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Unusual headache syndromes in children

Michelle Brenner, Christopher Oakley, Donald W Lewis
Current Pain and Headache Reports 2007, 11 (5): 383-9
17894929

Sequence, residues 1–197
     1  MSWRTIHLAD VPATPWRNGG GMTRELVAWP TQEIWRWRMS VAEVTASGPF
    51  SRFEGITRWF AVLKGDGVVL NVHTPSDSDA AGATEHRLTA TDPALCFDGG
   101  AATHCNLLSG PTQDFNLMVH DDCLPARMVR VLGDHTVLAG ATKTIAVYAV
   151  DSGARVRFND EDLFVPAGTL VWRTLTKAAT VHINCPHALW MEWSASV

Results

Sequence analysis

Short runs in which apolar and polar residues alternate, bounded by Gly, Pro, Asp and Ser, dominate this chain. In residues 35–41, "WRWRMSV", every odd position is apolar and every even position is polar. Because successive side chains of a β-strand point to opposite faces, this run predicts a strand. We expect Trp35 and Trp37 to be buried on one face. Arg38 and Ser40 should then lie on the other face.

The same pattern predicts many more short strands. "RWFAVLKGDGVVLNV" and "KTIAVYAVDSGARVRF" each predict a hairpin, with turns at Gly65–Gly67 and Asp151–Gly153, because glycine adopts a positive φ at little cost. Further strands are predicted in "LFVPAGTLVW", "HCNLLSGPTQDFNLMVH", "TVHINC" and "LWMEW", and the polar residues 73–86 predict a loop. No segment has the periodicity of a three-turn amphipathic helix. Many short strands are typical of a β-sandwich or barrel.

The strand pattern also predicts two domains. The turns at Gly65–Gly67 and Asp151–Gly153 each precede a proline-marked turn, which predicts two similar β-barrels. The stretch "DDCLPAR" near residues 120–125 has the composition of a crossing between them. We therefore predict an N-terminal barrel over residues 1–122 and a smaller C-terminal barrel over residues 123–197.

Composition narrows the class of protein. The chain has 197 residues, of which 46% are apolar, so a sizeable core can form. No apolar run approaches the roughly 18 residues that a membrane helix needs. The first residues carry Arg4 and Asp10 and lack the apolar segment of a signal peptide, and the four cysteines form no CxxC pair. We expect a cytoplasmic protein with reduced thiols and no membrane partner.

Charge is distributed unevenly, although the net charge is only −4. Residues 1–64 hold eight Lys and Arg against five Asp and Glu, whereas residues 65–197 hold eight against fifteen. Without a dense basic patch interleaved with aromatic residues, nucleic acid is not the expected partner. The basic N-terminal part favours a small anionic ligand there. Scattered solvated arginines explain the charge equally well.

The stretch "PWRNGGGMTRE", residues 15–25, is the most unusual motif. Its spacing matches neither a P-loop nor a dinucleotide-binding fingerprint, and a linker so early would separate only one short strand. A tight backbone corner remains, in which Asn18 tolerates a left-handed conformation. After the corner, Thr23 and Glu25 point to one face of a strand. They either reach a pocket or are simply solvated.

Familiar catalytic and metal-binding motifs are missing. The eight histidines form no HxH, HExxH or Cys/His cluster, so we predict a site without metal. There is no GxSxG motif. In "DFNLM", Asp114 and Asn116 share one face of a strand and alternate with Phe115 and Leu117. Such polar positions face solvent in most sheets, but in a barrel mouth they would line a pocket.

Headaches represent one of the most common reasons why children and adolescents seek medical attention and are the primary reason that they are referred to pediatric neurology practices. The most common headache syndromes diagnosed are migraine, tension-type, and chronic daily headache, and the bulk of recent medical literature regarding headache in children has focused on these clinical entities. Children are prone to have unusual headache syndromes, most of which fall under the category of "primary headache," most notably as manifestations of migraine with aura. Included within this group are basilar-type and hemiplegic migraine. The most intriguing subset included in the International Headache Society's classification system is the so-called "periodic syndromes of childhood that are precursors to migraine." These syndromes, quite peculiar to children, present a wide variety of episodic symptoms, including movement disorders, vomiting, ataxia, and vertigo, and may not include headache at all. This article provides an overview of some of the more unusual headache syndromes in children and adolescents.

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